It pays to go green

9th January 2004 at 00:00
By helping the environment, schools can save money as well as the planet, argues Alan Woods, so why aren't they doing more?

I have often wondered why schools bother with decorations at this time of year. Most are lit up like a Christmas tree, anyway. And when you add the skip full of rubbish outside the building, the litter-strewn playgrounds and queue of cars at home time, you would be excused for thinking that teachers, children and parents couldn't care a jot about the environment.

It is strange, especially when you consider how much younger kids, in particular, care about issues such as protecting wildlife. Unfortunately, environmental education at home and school is lacking, and, for some children in urban areas, green spaces are disappearing fast.

According to a recent survey, the majority of adults still see environmental protection as important. But they have become cynical, believing the myth that those who care for the planet are hippies, loonies or anoraks and that environmentalism is extreme rather than mainstream.

They are too busy to worry about rubbish and, besides, the rainforests are a million miles from here, aren't they?

Protecting the environment, however, is no longer a choice - it's a necessity. And we are not just talking about freak weather conditions or dwindling natural resources. Litter, dog fouling, graffiti and vandalism damage our neighbourhoods and heighten the fear of crime. And every time we get in our car to make that short journey to school, we not only pollute the air our children breathe, we also stop them from walking. No wonder so many are asthmatic or obese.

As organisers of Eco-Schools, the largest environmental education programme in Europe, we believe that the most effective way of solving these problems is by starting at school. But just before busy teachers run for the barricades screaming, we have some good news for you. Learning about the environment is not only easy, it is worthwhile for your pupils and the school's coffers.

UK schools spent pound;56 million last year on getting the bins emptied and wasted pound;158 million on stationery. Yet, by reusing old folders or photocopying on both sides of the paper, you could slim your bin and slash your bills. And while this may sound obvious to some, using items such as yoghurt pots or egg cartons in art lessons stops them ending up in the rubbish bin.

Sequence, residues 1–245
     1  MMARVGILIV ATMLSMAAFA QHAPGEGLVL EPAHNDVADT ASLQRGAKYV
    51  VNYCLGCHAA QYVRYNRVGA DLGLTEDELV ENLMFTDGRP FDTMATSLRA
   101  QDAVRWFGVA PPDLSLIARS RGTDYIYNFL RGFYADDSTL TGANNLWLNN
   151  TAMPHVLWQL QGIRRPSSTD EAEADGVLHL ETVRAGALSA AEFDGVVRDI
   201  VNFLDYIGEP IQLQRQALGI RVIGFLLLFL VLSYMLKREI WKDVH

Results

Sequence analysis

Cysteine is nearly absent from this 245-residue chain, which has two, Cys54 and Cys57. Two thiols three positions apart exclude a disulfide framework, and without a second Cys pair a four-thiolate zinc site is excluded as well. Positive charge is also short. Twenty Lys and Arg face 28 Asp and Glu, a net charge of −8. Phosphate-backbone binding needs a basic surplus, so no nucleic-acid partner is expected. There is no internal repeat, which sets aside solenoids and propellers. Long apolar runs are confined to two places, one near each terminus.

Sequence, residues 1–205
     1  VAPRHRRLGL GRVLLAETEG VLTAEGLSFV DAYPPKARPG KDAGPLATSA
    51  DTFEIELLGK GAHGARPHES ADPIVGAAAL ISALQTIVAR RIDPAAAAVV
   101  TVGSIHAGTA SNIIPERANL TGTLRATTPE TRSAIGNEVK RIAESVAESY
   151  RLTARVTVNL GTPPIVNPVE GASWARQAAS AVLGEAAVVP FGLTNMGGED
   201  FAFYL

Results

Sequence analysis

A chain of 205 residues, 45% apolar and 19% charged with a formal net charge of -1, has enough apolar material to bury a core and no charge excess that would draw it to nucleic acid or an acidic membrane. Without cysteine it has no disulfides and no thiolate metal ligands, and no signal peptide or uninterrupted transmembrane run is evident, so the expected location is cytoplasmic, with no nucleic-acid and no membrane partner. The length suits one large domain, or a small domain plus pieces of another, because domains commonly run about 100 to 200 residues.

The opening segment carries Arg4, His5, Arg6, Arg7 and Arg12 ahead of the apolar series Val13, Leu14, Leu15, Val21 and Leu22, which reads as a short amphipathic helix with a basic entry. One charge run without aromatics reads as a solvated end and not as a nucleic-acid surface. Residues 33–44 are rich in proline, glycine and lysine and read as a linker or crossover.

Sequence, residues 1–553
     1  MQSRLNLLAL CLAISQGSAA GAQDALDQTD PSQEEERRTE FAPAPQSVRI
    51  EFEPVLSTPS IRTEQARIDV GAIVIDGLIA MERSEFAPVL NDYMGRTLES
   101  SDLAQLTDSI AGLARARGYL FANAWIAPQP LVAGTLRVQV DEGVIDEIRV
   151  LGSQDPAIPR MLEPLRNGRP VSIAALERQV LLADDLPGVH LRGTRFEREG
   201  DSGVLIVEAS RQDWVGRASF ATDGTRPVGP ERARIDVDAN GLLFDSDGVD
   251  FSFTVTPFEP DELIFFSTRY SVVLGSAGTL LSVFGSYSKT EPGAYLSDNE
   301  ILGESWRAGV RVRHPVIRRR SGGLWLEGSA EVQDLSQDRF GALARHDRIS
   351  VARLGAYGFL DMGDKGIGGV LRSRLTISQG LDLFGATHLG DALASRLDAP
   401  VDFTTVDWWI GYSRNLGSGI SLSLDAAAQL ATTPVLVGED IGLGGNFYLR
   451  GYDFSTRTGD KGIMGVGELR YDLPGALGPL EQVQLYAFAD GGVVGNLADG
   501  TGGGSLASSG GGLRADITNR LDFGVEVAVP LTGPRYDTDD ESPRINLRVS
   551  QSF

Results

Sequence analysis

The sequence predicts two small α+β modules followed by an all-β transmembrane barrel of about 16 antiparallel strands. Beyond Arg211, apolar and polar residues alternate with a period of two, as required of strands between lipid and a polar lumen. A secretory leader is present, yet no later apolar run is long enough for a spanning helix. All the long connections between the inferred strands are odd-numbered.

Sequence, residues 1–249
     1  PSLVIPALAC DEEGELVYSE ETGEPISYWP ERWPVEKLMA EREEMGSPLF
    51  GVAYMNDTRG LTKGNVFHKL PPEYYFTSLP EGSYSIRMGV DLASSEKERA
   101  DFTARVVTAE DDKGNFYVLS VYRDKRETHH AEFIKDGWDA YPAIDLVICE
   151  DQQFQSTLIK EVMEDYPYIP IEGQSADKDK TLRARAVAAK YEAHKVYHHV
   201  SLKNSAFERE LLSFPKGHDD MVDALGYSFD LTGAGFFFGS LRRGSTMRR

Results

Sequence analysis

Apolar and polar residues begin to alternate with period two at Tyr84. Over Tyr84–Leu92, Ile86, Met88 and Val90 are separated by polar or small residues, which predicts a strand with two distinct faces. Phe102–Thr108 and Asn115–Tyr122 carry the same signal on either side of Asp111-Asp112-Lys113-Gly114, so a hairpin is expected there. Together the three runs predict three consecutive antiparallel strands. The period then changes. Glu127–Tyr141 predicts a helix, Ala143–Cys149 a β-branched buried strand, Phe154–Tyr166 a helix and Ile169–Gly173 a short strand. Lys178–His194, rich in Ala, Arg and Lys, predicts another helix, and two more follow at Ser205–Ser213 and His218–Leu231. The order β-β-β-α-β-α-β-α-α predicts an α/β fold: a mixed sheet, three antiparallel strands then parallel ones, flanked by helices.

Two of our Eco-Schools, Grosvenor grammar school in Belfast and Raglan school in the London borough of Bromley, have gone the extra mile by installing recycling facilities. There is still a market to sell items such as tin foil and you would be surprised at how many councils will back you when you install a bank - after all, you are helping them hit strict government targets on reducing rubbish.

The tab for clearing up litter is a hefty one, weighing in at pound;39 million a year. Secondary school pupils recently told the Keep Britain Tidy campaign that their grounds are swamped with rubbish because there are not enough bins and lessons on the subject are "boring". They also said that teachers sometimes set a poor example by punishing kids inconsistently and dropping litter themselves. By taking a good look at these issues, we could make a dent in the problem, save ourselves cash and make our schools a more pleasant place for all.

"Spend now or pay later" is the motto when it comes to water and electricity, too. Instead of shelling out pound;106 million on water, you could replace worn washers on taps, fit flush controls on toilets and restrict the watering of school grounds. By turning the thermostat down in class by one degree, you can also reduce heating bills by 10 per cent. For every pound;3 spent on heating in schools, pound;1 is lost through bad insulation, so why not look at this, tune the boiler and fit energy-saving light bulbs?

Apart from the fiscal benefits, getting involved gives new skills. Because Eco-Schools asks pupils to manage the project, it encourages a sense of responsibility, engenders teamwork and, since they are learning about how their actions affect others elsewhere, teaches them about the world. It rewards those who make their mark at bronze, silver and green-flag level, boosting self-esteem.

But the best thing about environmental education is that it is infectious.

For every Eco-School in the UK, there is a network of kids nagging parents, friends and neighbours to do more. They recognise that caring for the environment is not only important - it is simple and anyone can do it.

So make it a new year's resolution to get your school involved. You will be saving money - and saving the planet, too.

Alan Woods is chief executive of Encams, which runs Eco-Schools in the UK (www.eco-schools.org.uk.), as well as the Keep Britain Tidy campaign.

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